A new study published in Circulation: Cardiovascular Quality and Outcomes has found that you may have a longer life and better cardiovascular health if you own a dog.
The news, not necessarily surprising to pup parents, comes from two well-done studies and analyses that were built upon prior studies and the conclusion of a scientific statement from the American Heart Association in 2013.
Dr. Glenn N. Levine is the chair of the writing group of the American Heart Association’s scientific statement on pet ownership, ‘Pet Ownership and Cardiovascular Risk,’ and said that dog ownership is associated with the reduction in factors that added to cardiovascular events and cardiac risk.
Circulation: Cardiovascular Quality and Outcomes is a journal of the American Heart Association, and published both the study and a separate meta-analysis. Dr. Levine says that they offer quality data that shows an association of dog ownership with reduced cardiac and other/all-cause mortality.
He notes that the non-randomized studies couldn’t necessarily prove that dog ownership leads to a longer life, but these findings are quite suggestive of the possibility.
Prior studies have shown that owning a dog helps eliminate social isolation as it also improves one’s physical activity level and can even be shown to lower blood pressures. Researchers in the study and meta-analysis wanted to see how dog ownership affected health outcomes and because of this and the prior research, it’s believed that compared to those who don’t own dogs, dog-owners have better cardiovascular outcomes.
The researchers looked at the health outcomes of those who owned dogs and those who didn’t post-heart attack or stroke. The data came from the Swedish National Patient Register and the patients were Swedish residents between the ages of 40-85.
When they compared the patients who owned a dog to those who didn’t, the researchers found that the risk of death for those patients who’d had heart attacks and then lived alone after hospitalization was 33% lower. And for those who lived with a partner or child, the risk for dog owners was still 15% lower than those who didn’t have a dog.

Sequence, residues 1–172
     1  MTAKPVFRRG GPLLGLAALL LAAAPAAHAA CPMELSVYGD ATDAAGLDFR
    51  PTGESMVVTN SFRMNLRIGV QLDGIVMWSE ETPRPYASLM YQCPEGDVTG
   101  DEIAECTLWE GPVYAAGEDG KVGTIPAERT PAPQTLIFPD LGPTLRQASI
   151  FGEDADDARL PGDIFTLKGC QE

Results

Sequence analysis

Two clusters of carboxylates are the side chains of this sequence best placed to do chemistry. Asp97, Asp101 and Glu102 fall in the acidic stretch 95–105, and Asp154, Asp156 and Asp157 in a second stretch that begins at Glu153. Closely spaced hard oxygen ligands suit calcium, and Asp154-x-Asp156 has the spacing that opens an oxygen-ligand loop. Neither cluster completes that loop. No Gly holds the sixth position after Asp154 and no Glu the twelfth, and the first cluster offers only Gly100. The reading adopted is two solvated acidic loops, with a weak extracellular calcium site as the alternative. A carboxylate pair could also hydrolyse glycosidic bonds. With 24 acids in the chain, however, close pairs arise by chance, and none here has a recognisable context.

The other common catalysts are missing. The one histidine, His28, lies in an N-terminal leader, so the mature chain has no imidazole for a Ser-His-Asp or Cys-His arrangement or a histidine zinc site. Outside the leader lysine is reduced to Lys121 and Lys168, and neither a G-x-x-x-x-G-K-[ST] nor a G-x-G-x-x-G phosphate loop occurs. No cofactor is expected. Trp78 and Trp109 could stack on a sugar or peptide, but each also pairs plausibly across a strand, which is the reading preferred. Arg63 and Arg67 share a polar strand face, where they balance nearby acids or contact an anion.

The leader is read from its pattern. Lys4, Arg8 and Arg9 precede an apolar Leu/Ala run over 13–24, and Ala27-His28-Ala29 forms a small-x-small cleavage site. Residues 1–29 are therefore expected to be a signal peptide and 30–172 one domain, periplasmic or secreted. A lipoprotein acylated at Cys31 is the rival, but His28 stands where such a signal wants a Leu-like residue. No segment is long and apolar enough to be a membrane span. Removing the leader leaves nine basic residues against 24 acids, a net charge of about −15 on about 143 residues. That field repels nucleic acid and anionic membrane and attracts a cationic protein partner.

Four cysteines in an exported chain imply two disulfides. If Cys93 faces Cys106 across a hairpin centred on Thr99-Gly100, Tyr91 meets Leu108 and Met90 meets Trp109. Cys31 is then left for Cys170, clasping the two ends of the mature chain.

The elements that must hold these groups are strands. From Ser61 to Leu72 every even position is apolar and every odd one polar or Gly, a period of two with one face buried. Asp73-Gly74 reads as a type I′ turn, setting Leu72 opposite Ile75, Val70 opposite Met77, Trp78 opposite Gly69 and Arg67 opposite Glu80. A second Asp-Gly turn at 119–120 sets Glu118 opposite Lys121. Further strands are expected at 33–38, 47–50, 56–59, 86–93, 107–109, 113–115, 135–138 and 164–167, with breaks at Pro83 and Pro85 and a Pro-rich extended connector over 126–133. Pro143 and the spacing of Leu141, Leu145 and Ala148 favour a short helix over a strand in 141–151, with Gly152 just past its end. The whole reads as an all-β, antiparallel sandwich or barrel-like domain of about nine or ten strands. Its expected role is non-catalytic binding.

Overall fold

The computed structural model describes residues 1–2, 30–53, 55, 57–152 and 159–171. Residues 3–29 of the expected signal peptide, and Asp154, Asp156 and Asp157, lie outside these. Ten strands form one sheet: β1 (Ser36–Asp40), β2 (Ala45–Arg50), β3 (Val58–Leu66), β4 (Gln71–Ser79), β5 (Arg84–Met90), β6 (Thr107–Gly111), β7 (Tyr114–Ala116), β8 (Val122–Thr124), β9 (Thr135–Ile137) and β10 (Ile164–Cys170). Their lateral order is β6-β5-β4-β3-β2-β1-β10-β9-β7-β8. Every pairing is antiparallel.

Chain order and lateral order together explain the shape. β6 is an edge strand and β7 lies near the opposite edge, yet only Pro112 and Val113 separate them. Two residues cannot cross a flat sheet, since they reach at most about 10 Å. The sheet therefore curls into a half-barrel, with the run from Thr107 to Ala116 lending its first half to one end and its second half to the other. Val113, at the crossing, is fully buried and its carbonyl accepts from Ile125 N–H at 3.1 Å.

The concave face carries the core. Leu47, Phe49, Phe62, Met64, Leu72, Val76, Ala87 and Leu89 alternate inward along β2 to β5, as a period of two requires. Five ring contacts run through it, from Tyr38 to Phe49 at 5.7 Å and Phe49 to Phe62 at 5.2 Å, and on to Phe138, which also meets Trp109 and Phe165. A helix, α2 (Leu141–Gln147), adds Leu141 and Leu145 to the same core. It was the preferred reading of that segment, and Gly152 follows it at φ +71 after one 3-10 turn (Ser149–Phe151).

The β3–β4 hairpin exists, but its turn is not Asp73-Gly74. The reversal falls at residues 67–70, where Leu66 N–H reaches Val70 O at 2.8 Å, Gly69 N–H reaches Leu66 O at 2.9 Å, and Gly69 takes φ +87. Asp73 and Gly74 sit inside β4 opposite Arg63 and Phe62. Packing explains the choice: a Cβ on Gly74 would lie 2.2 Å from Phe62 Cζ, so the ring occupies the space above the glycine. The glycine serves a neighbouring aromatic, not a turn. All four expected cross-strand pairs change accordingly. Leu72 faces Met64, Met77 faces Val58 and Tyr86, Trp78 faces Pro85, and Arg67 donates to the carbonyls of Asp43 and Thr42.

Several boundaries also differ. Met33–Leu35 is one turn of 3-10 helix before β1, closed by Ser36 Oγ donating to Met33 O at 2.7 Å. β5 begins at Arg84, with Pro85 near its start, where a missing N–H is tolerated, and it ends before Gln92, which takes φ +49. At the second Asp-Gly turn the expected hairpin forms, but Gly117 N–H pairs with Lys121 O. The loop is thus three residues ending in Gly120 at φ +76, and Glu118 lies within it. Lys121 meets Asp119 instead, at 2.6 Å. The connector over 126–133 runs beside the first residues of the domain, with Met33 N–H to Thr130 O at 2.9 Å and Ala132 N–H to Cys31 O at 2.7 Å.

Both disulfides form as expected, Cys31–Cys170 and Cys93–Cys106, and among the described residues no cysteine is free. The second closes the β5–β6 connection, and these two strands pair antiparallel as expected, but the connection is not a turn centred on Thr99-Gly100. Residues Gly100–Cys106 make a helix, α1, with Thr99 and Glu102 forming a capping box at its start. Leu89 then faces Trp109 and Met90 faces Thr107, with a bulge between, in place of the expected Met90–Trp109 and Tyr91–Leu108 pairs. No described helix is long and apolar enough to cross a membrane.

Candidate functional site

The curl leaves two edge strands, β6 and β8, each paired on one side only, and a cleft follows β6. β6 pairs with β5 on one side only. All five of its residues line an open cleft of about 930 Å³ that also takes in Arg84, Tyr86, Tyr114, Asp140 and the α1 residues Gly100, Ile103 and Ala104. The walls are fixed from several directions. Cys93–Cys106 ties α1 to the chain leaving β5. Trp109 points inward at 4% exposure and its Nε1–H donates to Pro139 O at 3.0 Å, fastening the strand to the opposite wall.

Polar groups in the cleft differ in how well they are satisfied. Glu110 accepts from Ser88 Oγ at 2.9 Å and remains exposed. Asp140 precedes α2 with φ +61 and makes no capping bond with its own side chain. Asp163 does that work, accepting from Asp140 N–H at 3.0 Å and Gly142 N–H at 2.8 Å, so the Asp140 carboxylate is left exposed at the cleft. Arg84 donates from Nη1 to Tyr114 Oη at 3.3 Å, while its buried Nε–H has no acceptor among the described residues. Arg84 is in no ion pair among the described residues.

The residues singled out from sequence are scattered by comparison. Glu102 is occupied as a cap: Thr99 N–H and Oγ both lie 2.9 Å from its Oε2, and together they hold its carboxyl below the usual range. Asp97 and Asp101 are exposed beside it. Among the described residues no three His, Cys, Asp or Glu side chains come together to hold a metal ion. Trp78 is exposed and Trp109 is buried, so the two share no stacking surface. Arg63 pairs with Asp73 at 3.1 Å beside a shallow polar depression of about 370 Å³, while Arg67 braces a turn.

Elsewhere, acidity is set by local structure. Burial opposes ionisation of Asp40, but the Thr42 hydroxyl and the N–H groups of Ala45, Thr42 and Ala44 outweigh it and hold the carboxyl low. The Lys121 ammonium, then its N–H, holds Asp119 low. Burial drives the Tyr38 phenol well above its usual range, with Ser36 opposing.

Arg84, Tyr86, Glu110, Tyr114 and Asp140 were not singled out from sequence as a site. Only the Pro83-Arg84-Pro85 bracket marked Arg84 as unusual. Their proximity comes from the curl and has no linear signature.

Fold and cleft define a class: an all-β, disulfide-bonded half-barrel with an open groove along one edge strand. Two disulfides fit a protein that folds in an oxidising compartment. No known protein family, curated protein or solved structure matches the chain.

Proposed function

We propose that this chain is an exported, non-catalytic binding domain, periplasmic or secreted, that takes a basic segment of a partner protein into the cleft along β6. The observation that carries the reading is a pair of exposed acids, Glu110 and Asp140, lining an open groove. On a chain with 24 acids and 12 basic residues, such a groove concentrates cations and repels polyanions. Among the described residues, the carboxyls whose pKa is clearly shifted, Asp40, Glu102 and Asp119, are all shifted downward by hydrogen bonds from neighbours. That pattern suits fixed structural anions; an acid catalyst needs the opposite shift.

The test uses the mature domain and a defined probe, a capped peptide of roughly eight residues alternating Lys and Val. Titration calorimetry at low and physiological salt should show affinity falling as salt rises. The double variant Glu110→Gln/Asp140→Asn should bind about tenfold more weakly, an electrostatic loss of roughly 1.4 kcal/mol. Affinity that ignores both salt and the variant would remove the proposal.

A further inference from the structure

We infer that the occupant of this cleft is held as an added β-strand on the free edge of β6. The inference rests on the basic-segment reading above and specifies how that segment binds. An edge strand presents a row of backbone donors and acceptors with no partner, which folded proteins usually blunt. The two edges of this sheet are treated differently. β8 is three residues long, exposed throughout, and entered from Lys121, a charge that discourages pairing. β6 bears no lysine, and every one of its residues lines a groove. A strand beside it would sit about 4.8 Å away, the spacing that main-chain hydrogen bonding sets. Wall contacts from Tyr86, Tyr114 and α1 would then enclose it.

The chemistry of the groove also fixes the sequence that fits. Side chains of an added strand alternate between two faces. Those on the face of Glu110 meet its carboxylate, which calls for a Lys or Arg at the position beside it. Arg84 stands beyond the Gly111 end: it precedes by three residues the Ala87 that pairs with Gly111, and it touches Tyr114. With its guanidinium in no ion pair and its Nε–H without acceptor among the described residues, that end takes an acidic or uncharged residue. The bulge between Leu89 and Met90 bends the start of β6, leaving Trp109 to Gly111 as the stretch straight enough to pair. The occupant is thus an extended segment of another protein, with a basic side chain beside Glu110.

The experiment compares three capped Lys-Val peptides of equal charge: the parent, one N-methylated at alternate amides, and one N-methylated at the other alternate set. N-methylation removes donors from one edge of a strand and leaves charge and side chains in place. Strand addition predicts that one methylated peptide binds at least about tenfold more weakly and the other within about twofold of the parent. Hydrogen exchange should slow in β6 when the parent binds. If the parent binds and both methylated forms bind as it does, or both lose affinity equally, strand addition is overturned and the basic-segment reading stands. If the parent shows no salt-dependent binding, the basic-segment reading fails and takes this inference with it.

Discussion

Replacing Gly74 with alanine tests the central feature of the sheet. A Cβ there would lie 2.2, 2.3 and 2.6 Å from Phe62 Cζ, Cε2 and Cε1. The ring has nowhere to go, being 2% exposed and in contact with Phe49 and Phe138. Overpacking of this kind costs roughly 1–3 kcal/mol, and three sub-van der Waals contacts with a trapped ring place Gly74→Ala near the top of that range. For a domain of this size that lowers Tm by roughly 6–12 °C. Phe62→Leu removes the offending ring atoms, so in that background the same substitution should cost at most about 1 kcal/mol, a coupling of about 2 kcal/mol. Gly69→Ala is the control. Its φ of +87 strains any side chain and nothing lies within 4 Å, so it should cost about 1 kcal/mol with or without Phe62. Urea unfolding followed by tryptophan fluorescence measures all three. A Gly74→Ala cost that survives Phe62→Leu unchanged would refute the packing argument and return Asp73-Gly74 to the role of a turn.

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The study looked at 182,000 people who had recorded heart attacks and 6% of them were dog owners. It also looked at almost 155,000 people who had recorded ischemic strokes and 5% were dog owners. This information was confirmed by the Swedish Board or agriculture, which mandates registration of dog ownership.
Dr. Tove Fall is a veterinarian and professor at Uppsala University in Sweden. He says that the lower risk of death in those who owned dogs could be because they had increased physical activity and decreased occurrences of loneliness and depression. As social isolation is a strong risk factor for premature death and poor health outcomes, owning a dog battles that and helps motivate for physical activity and mental health.
Dr. Fall says that more research is needed to confirm a causal relationship but could lead to giving ‘prescriptions’ for dogs as prevention for better life outcomes. That said, he believes that for the sake of dogs’ welfare, people who have the knowledge and ability to give the dogs a good life should consider doing so.
Additionally, the meta-analysis review of nearly 4 million people that were taken from 10 different studies also showed that dog owners had a 24% reduced risk of mortality from all-causes, 65% reduced risk of death after a heart attack and a 31% reduced risk of death due to cardiovascular issues.
Dr. Caroline Kramer is an Assistant Professor of Medicine at the University of Toronto and said that having a dog was associated with lower blood pressure levels, better cholesterol levels, and increased physical activity. They would expect the better outcomes they found from the review.
Dr. Kramer also says that findings suggested dog ownership was associated with longer life, and that the next step in research would be to evaluate heart-related outcomes after adopting a dog.